Reviews — From the December 2017 issue

Dead Ball Situation

A philosopher’s flat-footed meditations on the beautiful game

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A big subject, then, for a “little book” focused “on the delight, on the poetics of football.” It’s a laudable ambition and a welcome rebuke to the claim made in 2015 by the Belgian writer Jean-Philippe Toussaint that no one would like his book Football because “intellectuals . . . aren’t interested in football” while football lovers would “find it too intellectual.” Toussaint was right in one regard: his book was roundly panned because he’d misjudged what has become a well-served appetite for intelligent books on every aspect of the game. The French rapper MC Solaar expressed the current state of play far better than Toussaint with a rhyme that yoked together exponents of philosophy and goalkeeping in his song “Temps Mort”: “J’étais naïf comme Rousseau, pas le douanier, le philosophe / Mais toujours alerte comme Dino Zoff.

Understandably, Critchley finds Toussaint’s approach “disappointing,” but his preferred approach — to “use the method of what philosophers call phenomenology” to ask why football is “beautiful and in what does its beauty consist?” — disappoints in its own way. Replay the quote about his method again in slo-mo and note the tonal gap that is assumed between the author (who knows what phenomenology is) and the reader (who does not have access to this area of esoteric knowledge). I also wonder whether, as was often said of Manchester United’s former manager Alex Ferguson, there might not be some mind games going on when Critchley keeps referring to his “little book” (three times in four pages). There’s nothing wrong with “little.” Denis Johnson’s Train Dreams is an epic in miniature and Nietzsche’s approach to philosophical problems — in and out quickly, as if from a cold bath — is exemplary as long as one is capable of conjuring lightning flashes of insight. But doesn’t referring to his book as “little” suggest that Critchley might have other, heftier volumes in what the disgraced former manager Ron Atkinson inexplicably used to call the onion basket? “Little” makes us think that he might have more magnum lurking in his opus when actually he only does little. In 2014, he published The Memory Theatre, a “novel” of seventy-two pages. And in spite of his variety of subject matter, he tends to do versions of the same little book.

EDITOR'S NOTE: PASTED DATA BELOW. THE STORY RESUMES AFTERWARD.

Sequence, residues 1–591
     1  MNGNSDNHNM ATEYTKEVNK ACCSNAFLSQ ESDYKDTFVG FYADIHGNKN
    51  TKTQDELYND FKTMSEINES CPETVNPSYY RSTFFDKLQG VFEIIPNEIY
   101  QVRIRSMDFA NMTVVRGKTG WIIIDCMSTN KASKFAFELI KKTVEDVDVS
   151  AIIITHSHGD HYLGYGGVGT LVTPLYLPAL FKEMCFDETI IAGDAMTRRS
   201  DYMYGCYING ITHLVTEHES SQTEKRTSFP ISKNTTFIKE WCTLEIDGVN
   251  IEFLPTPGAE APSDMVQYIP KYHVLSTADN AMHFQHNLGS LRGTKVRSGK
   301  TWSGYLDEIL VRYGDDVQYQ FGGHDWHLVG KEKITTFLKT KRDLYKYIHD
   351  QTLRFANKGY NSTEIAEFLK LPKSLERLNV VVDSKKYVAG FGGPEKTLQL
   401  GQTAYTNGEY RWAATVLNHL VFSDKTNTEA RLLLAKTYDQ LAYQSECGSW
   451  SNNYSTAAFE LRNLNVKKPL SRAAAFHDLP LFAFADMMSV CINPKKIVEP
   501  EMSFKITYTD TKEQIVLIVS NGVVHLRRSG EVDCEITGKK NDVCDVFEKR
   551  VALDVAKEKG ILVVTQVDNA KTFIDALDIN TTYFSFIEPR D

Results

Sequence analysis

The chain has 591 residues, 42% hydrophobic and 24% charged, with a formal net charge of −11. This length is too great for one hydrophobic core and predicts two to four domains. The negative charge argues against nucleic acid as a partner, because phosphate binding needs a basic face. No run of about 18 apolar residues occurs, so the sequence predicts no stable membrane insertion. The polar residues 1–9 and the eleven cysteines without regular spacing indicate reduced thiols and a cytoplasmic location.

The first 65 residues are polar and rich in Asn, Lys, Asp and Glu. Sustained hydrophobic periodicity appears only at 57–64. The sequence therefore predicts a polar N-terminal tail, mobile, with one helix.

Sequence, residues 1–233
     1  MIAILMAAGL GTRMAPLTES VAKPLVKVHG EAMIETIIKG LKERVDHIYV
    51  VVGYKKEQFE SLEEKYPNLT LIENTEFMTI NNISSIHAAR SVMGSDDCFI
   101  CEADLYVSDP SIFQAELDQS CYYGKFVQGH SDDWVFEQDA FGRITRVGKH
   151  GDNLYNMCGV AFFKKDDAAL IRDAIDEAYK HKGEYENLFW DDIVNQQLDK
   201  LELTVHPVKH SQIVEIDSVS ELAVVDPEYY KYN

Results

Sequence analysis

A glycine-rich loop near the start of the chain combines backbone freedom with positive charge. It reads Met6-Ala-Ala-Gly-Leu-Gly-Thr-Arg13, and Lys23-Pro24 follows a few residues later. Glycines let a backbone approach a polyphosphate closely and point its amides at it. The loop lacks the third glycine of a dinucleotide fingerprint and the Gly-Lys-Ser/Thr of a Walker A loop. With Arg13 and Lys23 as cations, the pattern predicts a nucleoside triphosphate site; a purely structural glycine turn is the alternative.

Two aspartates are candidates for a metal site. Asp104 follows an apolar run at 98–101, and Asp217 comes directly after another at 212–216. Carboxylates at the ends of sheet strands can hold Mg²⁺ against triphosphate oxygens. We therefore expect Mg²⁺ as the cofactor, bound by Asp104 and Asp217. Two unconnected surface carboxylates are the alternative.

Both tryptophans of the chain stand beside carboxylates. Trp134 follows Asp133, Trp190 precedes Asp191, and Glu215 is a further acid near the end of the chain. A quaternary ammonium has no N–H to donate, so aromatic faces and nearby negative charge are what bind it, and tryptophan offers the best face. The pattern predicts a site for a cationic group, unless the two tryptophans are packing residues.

It’s not just that he hasn’t developed as a writer. He’s still not fully a writer, has not made the transition from lecture hall or seminar room to the swarming solitude of the desk. His books read like slightly extended research papers. An obvious symptom of this is that he is constantly telling us what he will do in these books. In Things Merely Are (2005), the book on Stevens, he helpfully explains what to expect: “It will be my general claim.” Twelve years on we know what to expect — that he will still be explaining what to expect: “In this little book, I will use . . . ” The habitual conflation of writing (a book) with delivering (a paper) is manifest most obviously in the trope of the redundant plea. To deploy another Atkinsonism, he sets out his stall in the very first line of his little book On Bowie (2016): “Let me begin with a rather embarrassing confession.” In the new book, a fondness for a way of proceeding that serves mainly as an impediment to progress shows signs of turning into full-blown addiction: “Let me confess something,” “Let me try and explain,” “So, let me try and make some gestures,” “Let me pause here and say something a little weird,” “Let me risk a further speculation here,” “Let me give a couple of examples,” “Let me summarize,” “Let me fill out this line of thought,” and (my favorite) “Let me risk another analogy with Heidegger.”